How I equalize the playing field with bad short term memory.

The background is pretty long, so just skip to what to do if you don’t wanna read the background.

Background

One of the symptoms of ADHD is the sensory overload that occurs in our daily lives. It is as though you are looking through a window of constant raindrops, and the raindrops are new thoughts that always seeks your attention. Those attentions then replace the current stream of thought, making it harder to recall what is going on. Short term management is part of the executive function part of the brain. Executive functions also include attention, working memory (short term memory), and inhibitory control (impulsivity). ADHD brains have a lower executive function than those without ADHD. Thus we have worsened short-term working memory.

I did not realize this until January 2016 when I was diagnosed with ADHD, at the age of 26. All these time I have always thought that I had atrocious short term memory! Once I was diagnosed with ADHD by a psychiatrist, I started to do research as well as reading communities online with ADHD. One of the communities I found, was the ADHD Reddit community that gave me a sense of wholeness that I have never really felt before until now. However, the discussion of self-confidence on ADHD is another post I will do. Now, we must focus on the management of ADHD!

One of the benefits (and disbenefits), of ADHD, is our obsession with new hobbies. When you talk with a person with ADHD, there’s a high chance that they are a jack of all trades. New hobbies excite us and give us dopamine, making us focusing on the hobby or rather obsession for a short period. As for me, within those new hobbies is the obsession with productivity.

Definition of productivity when I asked my friend (a person who does not read methods of productivity as I have), is get to stuff done. Productivity is not only to get stuff done but it is also becoming more and more of a trending obsession in our current startup generation as well, and here. However, it is not all bad, one of the major aspect of productivity, and getting things done coincides with perfectly with people with bad short term memory. Startup world and corporate management world requires a constant amount of high volume tasks to take care of, for them it may be planning schedules, remembering schedules, emails to reply, task number one, task number 2, task number 3. At the end of the day, even those with normal executive functions cannot memorize all the tasks. For people with ADHD, that is our everyday lives, little volume of normal tasks, but to us, that is high volumes. For me, also growing up in this culture I was curious on getting things done too as a way of managing my life.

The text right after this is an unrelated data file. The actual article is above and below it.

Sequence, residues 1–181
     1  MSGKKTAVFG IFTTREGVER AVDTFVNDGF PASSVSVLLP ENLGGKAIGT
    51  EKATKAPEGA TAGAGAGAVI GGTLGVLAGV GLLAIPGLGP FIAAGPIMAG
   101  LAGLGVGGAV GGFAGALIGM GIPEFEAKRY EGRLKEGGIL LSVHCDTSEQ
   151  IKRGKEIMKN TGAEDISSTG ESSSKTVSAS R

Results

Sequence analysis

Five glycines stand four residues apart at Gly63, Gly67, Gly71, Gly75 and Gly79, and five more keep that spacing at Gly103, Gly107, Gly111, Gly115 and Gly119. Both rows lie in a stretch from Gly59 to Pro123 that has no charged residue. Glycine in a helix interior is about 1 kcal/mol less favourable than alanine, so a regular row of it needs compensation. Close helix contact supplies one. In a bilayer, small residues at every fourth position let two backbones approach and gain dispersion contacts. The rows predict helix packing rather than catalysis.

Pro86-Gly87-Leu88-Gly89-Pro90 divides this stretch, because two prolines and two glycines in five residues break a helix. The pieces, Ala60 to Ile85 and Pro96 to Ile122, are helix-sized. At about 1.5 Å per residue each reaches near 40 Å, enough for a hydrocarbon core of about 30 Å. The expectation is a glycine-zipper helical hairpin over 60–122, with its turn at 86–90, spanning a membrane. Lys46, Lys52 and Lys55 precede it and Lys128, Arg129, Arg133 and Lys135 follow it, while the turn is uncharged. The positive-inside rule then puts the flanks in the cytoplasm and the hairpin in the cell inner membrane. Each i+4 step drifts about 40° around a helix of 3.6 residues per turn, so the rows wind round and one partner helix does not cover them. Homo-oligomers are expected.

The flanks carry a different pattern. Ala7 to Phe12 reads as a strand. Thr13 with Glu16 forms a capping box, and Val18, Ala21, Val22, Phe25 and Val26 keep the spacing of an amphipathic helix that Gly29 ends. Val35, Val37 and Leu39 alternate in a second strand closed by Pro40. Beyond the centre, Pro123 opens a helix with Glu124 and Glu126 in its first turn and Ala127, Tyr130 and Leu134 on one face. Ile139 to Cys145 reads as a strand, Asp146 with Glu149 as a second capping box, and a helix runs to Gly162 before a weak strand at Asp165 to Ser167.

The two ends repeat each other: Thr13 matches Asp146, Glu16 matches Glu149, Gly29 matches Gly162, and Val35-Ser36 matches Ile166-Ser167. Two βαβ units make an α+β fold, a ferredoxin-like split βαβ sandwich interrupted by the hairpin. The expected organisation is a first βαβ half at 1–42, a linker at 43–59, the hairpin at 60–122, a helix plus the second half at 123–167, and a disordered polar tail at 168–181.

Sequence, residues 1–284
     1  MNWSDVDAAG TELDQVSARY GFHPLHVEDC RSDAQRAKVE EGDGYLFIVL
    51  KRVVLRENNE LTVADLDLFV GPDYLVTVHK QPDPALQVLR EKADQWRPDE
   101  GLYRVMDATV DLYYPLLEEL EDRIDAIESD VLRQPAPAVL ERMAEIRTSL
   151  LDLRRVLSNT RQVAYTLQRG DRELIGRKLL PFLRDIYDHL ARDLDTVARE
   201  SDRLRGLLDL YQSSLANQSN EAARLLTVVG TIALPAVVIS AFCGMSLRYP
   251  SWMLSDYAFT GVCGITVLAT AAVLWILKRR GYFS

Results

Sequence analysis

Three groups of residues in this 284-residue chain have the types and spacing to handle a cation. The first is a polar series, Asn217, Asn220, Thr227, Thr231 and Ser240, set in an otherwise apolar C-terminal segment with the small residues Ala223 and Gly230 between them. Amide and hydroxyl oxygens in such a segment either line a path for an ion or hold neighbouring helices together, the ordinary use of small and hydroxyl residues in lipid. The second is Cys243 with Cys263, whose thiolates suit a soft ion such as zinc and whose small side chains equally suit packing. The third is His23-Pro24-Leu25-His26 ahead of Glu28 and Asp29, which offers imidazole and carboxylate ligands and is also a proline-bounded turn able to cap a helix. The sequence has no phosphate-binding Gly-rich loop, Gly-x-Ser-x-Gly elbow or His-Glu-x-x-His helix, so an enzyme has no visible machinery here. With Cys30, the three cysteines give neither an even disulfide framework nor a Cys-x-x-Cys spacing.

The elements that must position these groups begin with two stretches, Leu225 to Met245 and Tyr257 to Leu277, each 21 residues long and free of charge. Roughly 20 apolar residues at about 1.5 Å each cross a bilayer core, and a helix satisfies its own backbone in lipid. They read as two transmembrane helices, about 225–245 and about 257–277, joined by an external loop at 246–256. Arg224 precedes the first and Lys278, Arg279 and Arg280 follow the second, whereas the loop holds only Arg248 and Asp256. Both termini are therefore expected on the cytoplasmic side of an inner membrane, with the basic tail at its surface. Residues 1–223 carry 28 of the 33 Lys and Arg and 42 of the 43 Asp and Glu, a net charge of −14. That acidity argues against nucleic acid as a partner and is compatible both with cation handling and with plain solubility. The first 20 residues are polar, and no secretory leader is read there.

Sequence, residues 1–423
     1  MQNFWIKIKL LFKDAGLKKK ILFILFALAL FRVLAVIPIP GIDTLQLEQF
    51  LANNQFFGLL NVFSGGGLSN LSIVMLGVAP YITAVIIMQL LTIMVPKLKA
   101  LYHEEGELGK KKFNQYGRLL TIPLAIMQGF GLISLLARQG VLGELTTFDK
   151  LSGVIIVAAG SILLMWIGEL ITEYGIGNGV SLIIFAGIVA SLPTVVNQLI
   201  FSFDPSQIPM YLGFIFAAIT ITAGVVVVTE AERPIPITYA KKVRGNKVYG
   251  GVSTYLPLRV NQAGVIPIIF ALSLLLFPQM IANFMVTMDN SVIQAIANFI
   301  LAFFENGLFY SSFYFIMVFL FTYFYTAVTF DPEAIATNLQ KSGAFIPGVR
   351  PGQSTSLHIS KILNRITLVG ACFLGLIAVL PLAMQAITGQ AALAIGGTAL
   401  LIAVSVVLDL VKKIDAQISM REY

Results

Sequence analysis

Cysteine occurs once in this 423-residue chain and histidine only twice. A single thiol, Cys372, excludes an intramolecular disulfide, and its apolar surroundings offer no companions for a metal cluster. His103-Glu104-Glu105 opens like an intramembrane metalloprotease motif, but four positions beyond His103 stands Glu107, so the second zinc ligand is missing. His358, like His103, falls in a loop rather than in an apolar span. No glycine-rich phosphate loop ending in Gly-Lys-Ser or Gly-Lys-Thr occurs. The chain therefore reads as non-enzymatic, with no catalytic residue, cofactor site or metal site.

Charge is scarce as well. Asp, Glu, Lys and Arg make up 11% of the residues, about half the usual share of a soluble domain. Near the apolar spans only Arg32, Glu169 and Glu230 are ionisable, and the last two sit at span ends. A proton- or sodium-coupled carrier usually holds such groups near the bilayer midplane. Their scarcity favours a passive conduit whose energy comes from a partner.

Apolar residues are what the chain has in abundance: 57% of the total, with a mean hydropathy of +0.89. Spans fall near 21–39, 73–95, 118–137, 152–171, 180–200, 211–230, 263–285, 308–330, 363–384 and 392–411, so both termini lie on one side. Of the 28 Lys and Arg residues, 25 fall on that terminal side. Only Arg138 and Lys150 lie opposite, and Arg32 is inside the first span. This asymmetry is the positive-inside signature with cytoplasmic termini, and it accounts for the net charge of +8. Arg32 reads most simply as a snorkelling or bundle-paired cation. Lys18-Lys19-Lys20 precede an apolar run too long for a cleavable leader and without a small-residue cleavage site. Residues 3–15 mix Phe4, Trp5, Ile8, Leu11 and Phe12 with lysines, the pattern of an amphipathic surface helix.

From a Google activity search, one of my earliest searches on productivity is back in 2009. I would regularly go on websites like Digg.com, Lifehacker.com, and look for new things to impress upon my peers. “Hey! Look what I can do with my computer!” things of that nature. Onward to 2014 when I started listening to Mac Power Users that they introduced to me the idea of Getting Things Done, by David Allen. Not only was I introduced to a new method of remembering tasks, but I was also introduced to the human resource bureaucratic language with words like “actionable,” “delegate,” “tasks,” thankfully the word “synergy” was never used…

What to Do

Getting things done method can be summarized into TLDR (Too long didn’t read) into figure 1. However, that is the general thinking behind it. It is based on the hypothesis that your brain has only a finite amount of energy, and you want to use it as much of it as possible for important things like thinking, creative stuff, etc. The more you try to memorize something, the mere act of remembering it will require brain energy. So instead of thinking about where I am supposed to be today, I can pull out the calendar and look at it. Instead of thinking about what I should get when I go to the market, I can just take out my phone, and it will remind me what to get.

After a page of introduction and background here is the method that I think will work for a majority of people that’s reading this. I will also include two editions for those who can afford the product and those who cannot afford the products.

My Method

For me, there are four broad categories of my workflow (how I memorize things mostly).

Categories:
 1. To-do list, simple (cheap/free)
 2. To-do list, complex (can be expensive)
 3. Calendar (free to expensive)
 4. Location-based awareness (free to expensive)

Simple to do list

For simple to-do list, it is used for everyday life tasks such as the examples figure 2.